Fight for Sight highlights difficulties faced by people with sight loss during second lockdown
Fight for Sight is raising awareness of the difficulties people with sight loss are facing as a result of renewed lockdown restrictions.
A survey of people with sight loss carried out by the eye research charity in May found that half of working age people said their eye condition made it harder to cope with the lockdown restrictions, while almost half said their mental health had got worse since the pandemic began.
Jurgen Donaldson, 36, from Southwest London is blind and says he’s deeply concerned about what the new wave of lockdown restrictions will mean for him and his quality of life.
Jurgen when blind in September 2019, at which point it was discovered that he had a brain tumour that was pressing on his optic nerve. Jurgen underwent nine and a half hours of brain surgery and luckily, 95% of the mass was removed – however Jurgen’s eyesight did not come back.
Jurgen returned to London in February this year ready to restart his life, after spending several months recovering from his surgery.
He said: “I moved into a small one-bedroom apartment in London, and was excited to start finding my independence again. I wondered what my new normal was going to be like. Over the weeks, I started going back to the gym, going out to meet friends with the help of taxis, it really started to feel as if I was moving forward. Then suddenly it all stopped when the lockdown happened.”
Jurgen continued: “Almost immediately when the lockdown was enforced, all of the processes I had put in place to help me live on my own fell apart. I could not get supermarket deliveries. Being blind and living alone, I couldn’t get to the shops. In the first couple of weeks of lockdown I actually came close to running out of food. Going from being an incredibly active person, to being trapped in my flat took an incredible emotional toll. I wouldn’t see a friend or a family member until the end of May.”
Jurgen is far from alone in his experience of navigating lockdown with sight loss, according to Fight for Sight’s survey, more than half of people with sight loss said that their access to food and other products has got worse since the beginning of the pandemic, while two in five respondents with significant sight loss reported finding it difficult to follow social distancing rules due to their eye condition.
Jurgen learned to adapt to the ‘new normal’ and with the help of Twitter, was able to find a butcher that was willing to deliver to him on a same-day basis, and a café that was selling fruit and vegetable boxes and could deliver to his door. As lockdown restrictions eased, he began to find his feet and his independence once more. However with the UK now back in lockdown for at least another month, Jurgen is worried about what’s ahead.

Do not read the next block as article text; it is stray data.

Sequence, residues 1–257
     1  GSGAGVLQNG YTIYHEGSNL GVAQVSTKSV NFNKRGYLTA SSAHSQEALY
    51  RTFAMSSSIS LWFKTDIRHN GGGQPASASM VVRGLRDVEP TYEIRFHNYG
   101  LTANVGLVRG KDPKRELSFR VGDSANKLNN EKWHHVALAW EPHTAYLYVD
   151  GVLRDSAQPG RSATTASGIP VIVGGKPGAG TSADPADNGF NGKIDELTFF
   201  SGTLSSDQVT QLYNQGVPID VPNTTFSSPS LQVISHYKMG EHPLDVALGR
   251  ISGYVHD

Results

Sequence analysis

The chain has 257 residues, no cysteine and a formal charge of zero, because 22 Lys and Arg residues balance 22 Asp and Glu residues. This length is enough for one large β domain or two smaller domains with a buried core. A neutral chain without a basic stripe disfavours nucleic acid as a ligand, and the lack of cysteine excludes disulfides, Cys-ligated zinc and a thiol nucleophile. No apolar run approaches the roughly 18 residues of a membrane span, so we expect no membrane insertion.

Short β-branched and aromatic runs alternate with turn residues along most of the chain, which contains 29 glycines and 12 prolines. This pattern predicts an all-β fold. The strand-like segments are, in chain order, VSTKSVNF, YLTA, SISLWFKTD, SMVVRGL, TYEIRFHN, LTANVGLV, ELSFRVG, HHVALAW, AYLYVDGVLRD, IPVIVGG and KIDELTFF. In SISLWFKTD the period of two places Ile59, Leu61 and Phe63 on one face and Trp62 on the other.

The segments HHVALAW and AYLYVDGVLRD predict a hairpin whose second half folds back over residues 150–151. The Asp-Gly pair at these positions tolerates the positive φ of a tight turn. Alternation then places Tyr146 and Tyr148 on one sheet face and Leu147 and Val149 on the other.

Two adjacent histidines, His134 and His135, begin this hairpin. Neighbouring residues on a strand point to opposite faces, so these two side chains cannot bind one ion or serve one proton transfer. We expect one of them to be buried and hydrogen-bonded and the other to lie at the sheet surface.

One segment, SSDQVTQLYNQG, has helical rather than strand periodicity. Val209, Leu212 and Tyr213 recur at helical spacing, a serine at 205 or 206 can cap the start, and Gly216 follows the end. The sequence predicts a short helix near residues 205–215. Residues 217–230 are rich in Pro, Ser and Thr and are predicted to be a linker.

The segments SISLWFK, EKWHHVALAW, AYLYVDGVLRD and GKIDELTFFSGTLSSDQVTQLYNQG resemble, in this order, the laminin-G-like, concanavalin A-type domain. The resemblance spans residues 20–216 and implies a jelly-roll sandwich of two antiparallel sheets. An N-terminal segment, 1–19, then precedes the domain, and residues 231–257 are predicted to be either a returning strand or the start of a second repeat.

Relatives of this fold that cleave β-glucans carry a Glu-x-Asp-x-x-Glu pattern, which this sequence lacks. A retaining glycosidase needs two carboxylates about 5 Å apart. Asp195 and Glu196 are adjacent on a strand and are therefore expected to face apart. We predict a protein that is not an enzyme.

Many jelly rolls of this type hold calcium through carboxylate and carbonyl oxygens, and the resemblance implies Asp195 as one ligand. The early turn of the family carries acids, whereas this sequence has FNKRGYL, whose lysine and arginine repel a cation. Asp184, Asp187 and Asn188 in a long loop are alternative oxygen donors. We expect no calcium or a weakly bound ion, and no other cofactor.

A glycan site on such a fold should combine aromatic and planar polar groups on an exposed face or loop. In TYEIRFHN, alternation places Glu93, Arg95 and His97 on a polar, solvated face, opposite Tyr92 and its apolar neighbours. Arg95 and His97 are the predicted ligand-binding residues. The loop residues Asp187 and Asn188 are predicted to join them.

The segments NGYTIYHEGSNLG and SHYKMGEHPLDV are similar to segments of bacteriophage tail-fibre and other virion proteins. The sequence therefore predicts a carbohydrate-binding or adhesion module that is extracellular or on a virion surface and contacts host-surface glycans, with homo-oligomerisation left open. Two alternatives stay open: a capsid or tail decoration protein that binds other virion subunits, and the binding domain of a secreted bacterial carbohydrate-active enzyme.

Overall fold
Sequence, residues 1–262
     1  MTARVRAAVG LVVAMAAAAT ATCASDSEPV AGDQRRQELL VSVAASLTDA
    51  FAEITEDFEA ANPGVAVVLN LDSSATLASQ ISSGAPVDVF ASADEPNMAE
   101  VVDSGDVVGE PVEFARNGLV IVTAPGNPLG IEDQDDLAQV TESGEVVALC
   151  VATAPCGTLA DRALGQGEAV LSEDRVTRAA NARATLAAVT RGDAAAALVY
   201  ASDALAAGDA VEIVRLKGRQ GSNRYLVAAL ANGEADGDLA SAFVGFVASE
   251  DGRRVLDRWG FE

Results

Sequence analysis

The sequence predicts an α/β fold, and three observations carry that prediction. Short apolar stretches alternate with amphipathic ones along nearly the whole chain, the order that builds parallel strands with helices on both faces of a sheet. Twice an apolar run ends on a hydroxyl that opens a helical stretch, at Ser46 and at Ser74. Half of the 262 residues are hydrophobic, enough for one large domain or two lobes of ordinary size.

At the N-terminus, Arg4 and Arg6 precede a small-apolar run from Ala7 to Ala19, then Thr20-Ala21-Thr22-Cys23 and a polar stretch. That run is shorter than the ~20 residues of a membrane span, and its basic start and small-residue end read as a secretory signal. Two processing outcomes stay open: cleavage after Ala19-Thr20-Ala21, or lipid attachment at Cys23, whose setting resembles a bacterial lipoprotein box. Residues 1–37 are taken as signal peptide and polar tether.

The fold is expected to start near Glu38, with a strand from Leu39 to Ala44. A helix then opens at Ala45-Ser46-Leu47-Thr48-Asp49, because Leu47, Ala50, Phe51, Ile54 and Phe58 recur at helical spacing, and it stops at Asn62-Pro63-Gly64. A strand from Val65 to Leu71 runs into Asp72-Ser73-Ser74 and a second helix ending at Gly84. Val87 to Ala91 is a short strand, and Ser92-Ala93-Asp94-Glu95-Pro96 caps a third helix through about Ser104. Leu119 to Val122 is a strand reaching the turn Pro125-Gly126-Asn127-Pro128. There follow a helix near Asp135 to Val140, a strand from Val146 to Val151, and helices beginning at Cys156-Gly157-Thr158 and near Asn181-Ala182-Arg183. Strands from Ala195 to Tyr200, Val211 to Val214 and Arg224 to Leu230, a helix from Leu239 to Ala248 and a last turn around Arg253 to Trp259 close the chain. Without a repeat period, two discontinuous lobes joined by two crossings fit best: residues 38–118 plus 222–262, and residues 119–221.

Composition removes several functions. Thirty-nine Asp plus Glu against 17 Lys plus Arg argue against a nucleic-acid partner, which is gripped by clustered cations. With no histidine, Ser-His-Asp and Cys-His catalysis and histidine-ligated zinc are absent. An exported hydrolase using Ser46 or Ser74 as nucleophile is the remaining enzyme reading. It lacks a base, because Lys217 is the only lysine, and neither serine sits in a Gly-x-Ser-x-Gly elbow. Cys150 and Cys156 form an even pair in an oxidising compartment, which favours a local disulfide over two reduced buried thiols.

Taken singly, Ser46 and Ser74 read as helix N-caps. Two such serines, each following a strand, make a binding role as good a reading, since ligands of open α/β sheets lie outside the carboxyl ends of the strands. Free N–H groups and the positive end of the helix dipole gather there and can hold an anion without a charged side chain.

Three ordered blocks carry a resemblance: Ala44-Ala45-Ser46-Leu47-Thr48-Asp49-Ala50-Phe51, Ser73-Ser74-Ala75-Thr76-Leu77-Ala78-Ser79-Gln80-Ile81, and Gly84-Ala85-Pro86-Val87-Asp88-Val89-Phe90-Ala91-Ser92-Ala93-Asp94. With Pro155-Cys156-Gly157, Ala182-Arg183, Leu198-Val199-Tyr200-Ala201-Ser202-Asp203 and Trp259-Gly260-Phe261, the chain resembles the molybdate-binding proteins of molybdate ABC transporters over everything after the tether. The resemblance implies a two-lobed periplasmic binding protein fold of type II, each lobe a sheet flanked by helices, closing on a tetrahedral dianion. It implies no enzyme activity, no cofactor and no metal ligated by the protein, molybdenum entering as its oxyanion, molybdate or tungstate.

He said: “The first lockdown took a lot from me. Like many others, I have lost my job as a result of the economic recession this virus has caused. I now find myself unemployed and struggling to find work with hundreds of people applying for every job. As we begin another lockdown, the fear and the anxiety have come back, and I’m worried that we are going to go through this again and again. It seems unlikely that this will only be four weeks, and the uncertainty that that has created is difficult.”
Fight for Sight’s survey of 325 people with sight loss also found that 73 percent of respondents were struggling to access treatment during the pandemic, with some reporting cancelled surgeries, as well as cancelled injections for age-related macular degeneration. Four in ten people surveyed say they are concerned that their eyesight has or will further deteriorate as a result.
Chief Executive of Fight for Sight, Sherine Krause said: "We know from our research and speaking to our supporters what a negative effect lockdown restrictions have on people with sight loss - hugely impeding independence, livelihoods and mental health. As the Covid-19 pandemic continues, it’s of course vital that the government takes action to stop the spread of the virus, but the immediate need of people with eye conditions to access treatment must urgently be addressed, so they don’t become blind because of missed appointments. We would also urge that any extension of lockdown restrictions is not taken lightly and with a view on the impact on those most negatively affected.”
If you are in need of support at this challenging time or would like to share your experiences or concerns around managing an eye condition during the pandemic, please contact firstname.lastname@example.org. You can also visit our FAQs page.Information and advice for people with eye conditions surrounding Covid-19